San Francisco’s Congresswoman, House Democratic Leader Nancy Pelosi, joined hundreds of volunteers at the National AIDS Memorial for a community volunteer workday to commemorate her 30 years in Congress. Since her first days in Washington D.C., she has been a leader, champion, and hero on the issue of HIV/AIDS and her avid support of the LGBT community.
During the morning activities, Congresswoman Pelosi joined volunteers as they planted flowers, new shrubs, and a tree, in addition to helping maintain the grounds of the Nation’s AIDS Memorial. The event also marked a significant milestone for the National AIDS Memorial as it has surpassed 200,000 hours given by community volunteers to create and maintain the 10-acre living memorial.
For the past thirty years, Congresswoman Nancy Pelosi has worked courageously to advance the issue of HIV/AIDS, supporting major funding, research, and programs that have been critically important to the advancements and improvement of the quality of life for those living with the disease. In 1996 she successfully spearheaded the passage of legislation that was signed by President Bill Clinton designating San Francisco’s AIDS Memorial Grove, as a National Memorial.
“Thirty years ago our community was ravaged by AIDS and with the leadership of Congresswoman Pelosi we came together here in this grove to heal and remember our lost friends and loved ones,” said John Cunningham, Executive Director, National AIDS Memorial. “Her courage to stand-up and fight for our community paved the way for this memorial. Without Nancy Pelosi leadership this memorial would not be possible. We are forever grateful for her tireless spirit, love, and willingness to fight for our cause.”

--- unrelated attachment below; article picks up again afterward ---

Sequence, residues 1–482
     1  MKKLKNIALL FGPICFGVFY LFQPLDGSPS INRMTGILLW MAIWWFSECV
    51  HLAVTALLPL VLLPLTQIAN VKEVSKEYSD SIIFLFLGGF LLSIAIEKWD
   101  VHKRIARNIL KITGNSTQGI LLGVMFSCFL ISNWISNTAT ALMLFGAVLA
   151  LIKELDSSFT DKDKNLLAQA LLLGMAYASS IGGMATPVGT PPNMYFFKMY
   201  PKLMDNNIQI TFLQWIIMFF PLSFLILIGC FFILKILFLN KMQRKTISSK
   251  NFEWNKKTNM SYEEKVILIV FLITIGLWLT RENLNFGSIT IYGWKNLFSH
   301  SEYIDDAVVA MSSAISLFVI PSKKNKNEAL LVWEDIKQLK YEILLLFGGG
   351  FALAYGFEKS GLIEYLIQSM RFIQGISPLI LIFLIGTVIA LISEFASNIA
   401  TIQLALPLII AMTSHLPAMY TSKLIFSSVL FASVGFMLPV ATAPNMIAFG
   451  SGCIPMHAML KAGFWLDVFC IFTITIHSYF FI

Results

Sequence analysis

Congresswoman Pelosi has faithfully commemorated her milestone years in Congress by volunteering at the Grove. She has volunteered on many other occasions over the years, often bringing her family and grandchildren to be a regular part of the Grove’s Community Volunteer Workdays.
“The National AIDS Memorial is not just a place for where we come and remember those we’ve lost, it is a place where people from around the country, around the world, can come together to remember their lives, to hope and continue working tirelessly until we find a cure,” said Congresswoman Pelosi. “This sacred ground honors all who have been touched by HIV/AIDS but more importantly, it forever keeps their spirit, their love and their stories with us and so future generations never forget. This grove inspires us to keep fighting in their memory and for what’s right.”
Since the first Workday in 1991, nearly 40,000 volunteers have participated in more than 300 Community Volunteer Workdays, donating more than 200,000 volunteer hours and planting more than 10,000 trees, plants, and shrubs. For more information visit www.aidsmemorial.org, follow on Facebook @NationalAIDSMemorial or @AIDS_Memorial on Twitter. Click HERE for photos and video from the event.